In mid-May, NASCAR announced the NASCAR With Dad program. The program enabled fans to share their best moments that were NASCAR-related which they had with their father. This is right down the road which the Newberry’s have gone done.
It all started when his father helped him race go-karts as a young lad. Ever since, Newberry and his father, Bob, have grown a hobby into a way of life. Although his father isn’t at the shop due to working on his day-to-day business, he still participates in the daily activities which it takes to run a NASCAR operation.
“He gets to come to the shop every now and then and see the program that we have made. But right now, we have put everything into the hands of Dwayne Gaulding. He is our competition director and I feel like he is making the calls that he needs to make. He is making our team better and stronger and more competitive. My dad and he talk on a daily basis about their ideas and about what needs to be done. He might not been involved everyday in the shop, but he is involved in talking to Dwayne and creating the direction that we want to go and how we want to make our teams better and stronger,” Newberry said on how his father creates a winning environment.
“We have to kind of separate it (being father and son)," he continued. "Sometimes it is best not to bring business home because it will make things stressful, and I think any business is stressful when it comes to people having different worries. It is something we are very involved in and have a lot of passion for. I think we do really well. My dad and I enjoy each other’s company. We can still go fish together and have as much fun as we did when we were late model racing when I was younger. I feel like things haven’t changed much. We’ve taken our passion and drive for racing and we’ve moved it to a bigger operation.”
However, since he races for his father, Newberry is receiving the same negative attention that Paul Menard and John Wes Townley have experienced. Each of these drivers has one thing in common – they have all raced at the highest ranks in stock car racing due to their father’s wallets. Some may argue that these drivers don’t deserve to be racing at any of NASCAR’s top-three divisions. Others believe that they are taking up a seat that can be used be a “more talented” driver. However, there is nothing wrong with having your family help you get your career started, or helping a driver throughout their entire career such as the Menard family.
“I guess that the best way for me to describe it is – racing is something that my dad and I always did," said Newberry on his relationship with his father. "It’s something we put a lot of heart into. I feel like we both put in our time. We put in our man hours, all of our heart and soul and we do the best that we can. I don’t know any driver that has been able to make it without being with their family first or having that financial backing."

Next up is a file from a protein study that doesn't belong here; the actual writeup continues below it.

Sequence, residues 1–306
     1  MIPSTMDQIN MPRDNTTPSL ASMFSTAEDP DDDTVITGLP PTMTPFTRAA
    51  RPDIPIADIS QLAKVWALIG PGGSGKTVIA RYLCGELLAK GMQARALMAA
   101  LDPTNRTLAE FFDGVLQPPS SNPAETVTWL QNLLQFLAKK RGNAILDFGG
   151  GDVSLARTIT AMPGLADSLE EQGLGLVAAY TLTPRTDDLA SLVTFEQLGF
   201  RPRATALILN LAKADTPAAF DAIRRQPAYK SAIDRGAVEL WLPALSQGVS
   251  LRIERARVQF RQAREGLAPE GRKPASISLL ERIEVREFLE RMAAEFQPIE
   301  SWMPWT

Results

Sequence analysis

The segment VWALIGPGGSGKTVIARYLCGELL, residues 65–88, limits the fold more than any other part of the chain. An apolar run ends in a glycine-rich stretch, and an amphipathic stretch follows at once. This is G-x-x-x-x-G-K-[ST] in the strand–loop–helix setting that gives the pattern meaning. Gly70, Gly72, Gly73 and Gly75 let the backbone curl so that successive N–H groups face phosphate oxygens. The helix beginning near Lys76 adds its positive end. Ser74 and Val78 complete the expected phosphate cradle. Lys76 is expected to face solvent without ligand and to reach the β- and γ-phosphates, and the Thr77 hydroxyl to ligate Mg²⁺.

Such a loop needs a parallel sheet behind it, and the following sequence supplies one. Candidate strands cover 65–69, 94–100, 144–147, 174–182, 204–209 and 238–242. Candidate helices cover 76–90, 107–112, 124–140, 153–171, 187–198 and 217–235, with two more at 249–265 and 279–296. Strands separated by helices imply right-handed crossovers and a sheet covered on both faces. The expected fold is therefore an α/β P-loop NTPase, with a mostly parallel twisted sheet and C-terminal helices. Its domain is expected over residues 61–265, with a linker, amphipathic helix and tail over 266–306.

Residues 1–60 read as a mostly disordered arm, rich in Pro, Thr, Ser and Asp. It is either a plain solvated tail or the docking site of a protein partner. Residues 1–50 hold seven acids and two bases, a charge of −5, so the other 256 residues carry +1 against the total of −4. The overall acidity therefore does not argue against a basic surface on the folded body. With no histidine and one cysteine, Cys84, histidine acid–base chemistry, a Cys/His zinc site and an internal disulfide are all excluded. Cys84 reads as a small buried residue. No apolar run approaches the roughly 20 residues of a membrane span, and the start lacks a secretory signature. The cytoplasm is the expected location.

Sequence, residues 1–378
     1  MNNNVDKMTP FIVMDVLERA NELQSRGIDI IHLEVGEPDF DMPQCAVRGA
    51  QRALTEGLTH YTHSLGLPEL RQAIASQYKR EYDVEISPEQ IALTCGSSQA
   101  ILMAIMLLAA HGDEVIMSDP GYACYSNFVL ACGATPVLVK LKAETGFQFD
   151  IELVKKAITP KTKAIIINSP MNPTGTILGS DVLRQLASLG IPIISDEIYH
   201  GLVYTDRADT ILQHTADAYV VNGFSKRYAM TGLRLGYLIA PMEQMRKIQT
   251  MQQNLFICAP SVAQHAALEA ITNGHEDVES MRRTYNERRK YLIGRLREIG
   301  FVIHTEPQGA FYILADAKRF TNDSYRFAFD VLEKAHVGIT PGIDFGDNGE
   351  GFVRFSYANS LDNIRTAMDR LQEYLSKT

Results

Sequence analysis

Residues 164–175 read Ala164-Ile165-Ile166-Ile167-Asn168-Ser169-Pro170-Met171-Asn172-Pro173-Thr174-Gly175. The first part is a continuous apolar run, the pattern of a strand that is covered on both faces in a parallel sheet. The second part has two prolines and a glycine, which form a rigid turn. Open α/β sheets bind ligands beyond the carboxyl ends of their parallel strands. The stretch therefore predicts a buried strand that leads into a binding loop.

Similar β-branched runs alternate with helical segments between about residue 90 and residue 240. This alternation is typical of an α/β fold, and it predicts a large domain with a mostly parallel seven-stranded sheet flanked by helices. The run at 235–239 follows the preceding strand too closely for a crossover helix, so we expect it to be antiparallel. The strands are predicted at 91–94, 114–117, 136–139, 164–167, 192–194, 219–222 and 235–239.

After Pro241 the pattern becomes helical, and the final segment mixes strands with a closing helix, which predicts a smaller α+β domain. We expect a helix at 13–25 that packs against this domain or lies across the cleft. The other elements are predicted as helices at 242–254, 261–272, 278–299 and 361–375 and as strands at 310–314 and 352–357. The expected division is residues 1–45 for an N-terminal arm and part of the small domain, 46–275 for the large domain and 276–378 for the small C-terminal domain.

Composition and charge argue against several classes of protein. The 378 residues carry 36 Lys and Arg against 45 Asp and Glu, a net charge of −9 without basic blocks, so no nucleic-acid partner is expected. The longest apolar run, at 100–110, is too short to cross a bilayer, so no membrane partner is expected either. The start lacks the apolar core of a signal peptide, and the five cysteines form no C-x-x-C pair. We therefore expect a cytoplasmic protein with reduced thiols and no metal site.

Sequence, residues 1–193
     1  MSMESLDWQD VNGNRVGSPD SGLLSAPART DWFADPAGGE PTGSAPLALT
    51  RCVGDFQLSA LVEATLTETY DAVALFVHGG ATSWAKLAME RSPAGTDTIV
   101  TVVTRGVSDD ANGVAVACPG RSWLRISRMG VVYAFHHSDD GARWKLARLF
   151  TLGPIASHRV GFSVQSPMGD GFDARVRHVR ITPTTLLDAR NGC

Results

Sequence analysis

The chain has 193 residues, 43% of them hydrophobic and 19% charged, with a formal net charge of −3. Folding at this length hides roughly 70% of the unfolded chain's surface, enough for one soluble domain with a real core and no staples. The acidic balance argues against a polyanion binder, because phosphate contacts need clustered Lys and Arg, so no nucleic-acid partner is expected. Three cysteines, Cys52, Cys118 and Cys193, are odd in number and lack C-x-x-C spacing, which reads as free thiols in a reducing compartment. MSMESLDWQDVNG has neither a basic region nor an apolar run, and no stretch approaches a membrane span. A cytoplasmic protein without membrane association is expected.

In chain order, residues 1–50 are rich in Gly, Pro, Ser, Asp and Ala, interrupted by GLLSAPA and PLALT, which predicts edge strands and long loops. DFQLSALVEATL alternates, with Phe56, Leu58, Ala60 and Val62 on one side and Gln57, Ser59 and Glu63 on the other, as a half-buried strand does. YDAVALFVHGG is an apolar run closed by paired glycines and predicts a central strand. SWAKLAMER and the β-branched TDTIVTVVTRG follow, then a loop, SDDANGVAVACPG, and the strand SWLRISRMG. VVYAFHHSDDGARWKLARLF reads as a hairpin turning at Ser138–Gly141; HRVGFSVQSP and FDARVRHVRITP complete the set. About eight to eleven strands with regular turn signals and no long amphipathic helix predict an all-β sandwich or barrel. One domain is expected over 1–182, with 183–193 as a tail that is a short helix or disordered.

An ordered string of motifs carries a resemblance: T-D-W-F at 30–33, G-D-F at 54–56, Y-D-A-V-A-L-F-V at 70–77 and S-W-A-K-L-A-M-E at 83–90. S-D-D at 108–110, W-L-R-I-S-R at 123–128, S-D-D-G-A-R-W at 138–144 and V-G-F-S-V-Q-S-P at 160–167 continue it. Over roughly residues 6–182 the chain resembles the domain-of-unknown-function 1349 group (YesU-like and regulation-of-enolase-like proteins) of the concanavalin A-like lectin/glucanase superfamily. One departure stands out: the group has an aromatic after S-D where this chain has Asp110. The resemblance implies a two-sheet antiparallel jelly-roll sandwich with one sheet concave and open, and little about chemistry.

“The business is up and down with Dale (Earnhardt) Jr. and his dad, or Paul Menard and his dad. You always need that financial support, but for me – you need that family support. You need that environment. I have been fortunate to race with my father over the years. We have discussed that if I do go race for another team, the relationship won’t change. He’ll support me and put his heart and soul into it. Fortunately, we are where we can both put our heart and soul into NTS Motorsports which has been a family-run team since we started it.”
It might be difficult to ignore all of the naysayers which he has to deal with. However, Newberry believes it helps him. With his positive attitude, he is able to take advantage of criticism and turn it into positive feedback.
Working on the Future
The results might not be present at the moment. However, Newberry and NTS Motorsports are on their way to working on plans for next year.
Gaulding will run a similar schedule to what he will run this year – a mixture of the Truck Series on a part-time basis with a full slate in the K&N Pro Series East. Newberry’s plans are still up in the air. But he has time to figure them out.
Sponsorship is going to be the key part to deeming what division Newberry will run, along with how many events he will be entered in. No matter what the scenario will be, he knows that NTS Motorsports will be able to field him in a vehicle in 2015.
“I do know that I have the opportunity to run in the Truck Series, the K&N Pro Series or any division that NTS Motorsports decides to put me in. We all do what is best for the company. We will do what is best for our drivers moving forward and make our whole team look good. We have been (working) really hard to make our trucks and cars have the ability to compete well. We haven’t been able to sit down and discuss what we’re going to do moving forward. I do know that NTS Motorsports will have K&N cars and trucks. Whatever we do decide, we will go out there with the same heart and goal and team.”